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Getting Started with Taxonomies

The Build vs. Buy Dilemma Explained


Heather Hedden, Data and Knowledge Engineer at Semantic Web Company

Getting Started with Taxonomies

Taxonomies have numerous uses and benefits in the workplace:

  • They help companies improve content searching, browsing, discovery, and recommendation
  • They support consistent tagging, metadata management, and workflows
  • And they connect with ontologies to build knowledge graphs of structured and unstructured data, linking content and supporting analysis

However, if you do not already have a taxonomy, where do you start? The classic question of build vs. buy applies to taxonomies, too. And can be answered in our webinar led by Data & Knowledge Engineer Heather Hedden.

Building your own taxonomy has the advantage of customizing it to your content and user needs from the start, but can take time and resources that are not readily available. Buying a starter taxonomy can be a good option if a taxonomy is available in the desired subject domain.

This webinar looks at the benefits and challenges of both options and suggests a possibly hybrid approach of buying, then modifying a taxonomy. It also explains the role corpus analysis, natural language processing, and autoclassification play in getting started with taxonomies.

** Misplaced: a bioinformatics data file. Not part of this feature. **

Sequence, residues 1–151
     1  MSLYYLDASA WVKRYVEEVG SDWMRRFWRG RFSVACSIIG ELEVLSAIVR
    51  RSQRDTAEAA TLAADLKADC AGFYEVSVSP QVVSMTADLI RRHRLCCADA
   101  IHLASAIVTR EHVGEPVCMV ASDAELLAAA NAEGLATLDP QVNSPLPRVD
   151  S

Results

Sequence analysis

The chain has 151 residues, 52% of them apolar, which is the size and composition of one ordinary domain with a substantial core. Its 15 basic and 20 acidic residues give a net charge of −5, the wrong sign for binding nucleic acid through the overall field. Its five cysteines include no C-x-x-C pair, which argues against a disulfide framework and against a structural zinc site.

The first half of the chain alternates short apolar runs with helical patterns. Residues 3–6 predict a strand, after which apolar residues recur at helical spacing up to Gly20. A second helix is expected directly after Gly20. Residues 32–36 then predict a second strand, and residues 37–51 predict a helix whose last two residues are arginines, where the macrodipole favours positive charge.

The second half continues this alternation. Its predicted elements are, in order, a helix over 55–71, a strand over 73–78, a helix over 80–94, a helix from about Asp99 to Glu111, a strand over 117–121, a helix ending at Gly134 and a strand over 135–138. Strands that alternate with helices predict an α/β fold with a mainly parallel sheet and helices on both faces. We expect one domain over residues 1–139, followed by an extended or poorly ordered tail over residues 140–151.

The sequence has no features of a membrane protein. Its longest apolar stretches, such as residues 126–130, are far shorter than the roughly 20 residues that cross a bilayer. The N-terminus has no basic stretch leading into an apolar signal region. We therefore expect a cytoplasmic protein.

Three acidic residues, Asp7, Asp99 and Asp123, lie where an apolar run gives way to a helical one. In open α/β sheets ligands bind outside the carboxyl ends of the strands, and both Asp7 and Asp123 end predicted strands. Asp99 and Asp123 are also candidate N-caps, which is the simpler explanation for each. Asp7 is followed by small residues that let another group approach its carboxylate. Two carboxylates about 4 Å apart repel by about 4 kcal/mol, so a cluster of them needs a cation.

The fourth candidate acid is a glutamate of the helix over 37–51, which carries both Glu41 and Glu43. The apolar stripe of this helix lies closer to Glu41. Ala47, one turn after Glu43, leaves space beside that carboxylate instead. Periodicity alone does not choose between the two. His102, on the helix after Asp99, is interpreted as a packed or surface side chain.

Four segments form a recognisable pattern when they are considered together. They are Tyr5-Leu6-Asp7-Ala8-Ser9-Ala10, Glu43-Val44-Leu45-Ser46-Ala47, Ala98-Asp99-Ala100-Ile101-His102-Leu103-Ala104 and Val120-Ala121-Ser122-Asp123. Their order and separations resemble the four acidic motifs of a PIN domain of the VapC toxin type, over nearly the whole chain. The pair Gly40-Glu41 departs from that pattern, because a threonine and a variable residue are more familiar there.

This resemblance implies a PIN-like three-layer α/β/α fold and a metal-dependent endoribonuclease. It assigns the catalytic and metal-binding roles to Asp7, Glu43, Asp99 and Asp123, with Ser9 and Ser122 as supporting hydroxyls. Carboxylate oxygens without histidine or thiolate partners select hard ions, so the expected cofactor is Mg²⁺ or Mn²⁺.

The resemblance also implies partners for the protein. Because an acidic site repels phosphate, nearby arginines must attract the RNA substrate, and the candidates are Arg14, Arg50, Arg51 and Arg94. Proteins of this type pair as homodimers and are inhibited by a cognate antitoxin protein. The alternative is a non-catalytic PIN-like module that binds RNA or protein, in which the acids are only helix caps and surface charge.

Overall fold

Tune in to our webinar to hear some of the following key topics:

  • An introduction to taxonomies
  • How to build a taxonomy that’s relevant to your use case and scope
  • How to edit your taxonomy
  • How to acquire or license existing industry taxonomies
  • The benefits of taxonomies as a whole


Heather Hedden

Heather Hedden

Data and Knowledge Engineer, Semantic Web Company

Heather Hedden is a Data and Knowledge Engineer with Semantic Web Company Inc., vendor of PoolParty Semantic Suite software for developing taxonomies, ontologies, knowledge graphs, and semantic search applications.

Heather has 25 years of experience in developing and managing taxonomies and other knowledge organization systems for various organizations and applications, both as an employee and as a consultant. She provides training in taxonomy creation and is author of the book The Accidental Taxonomist.

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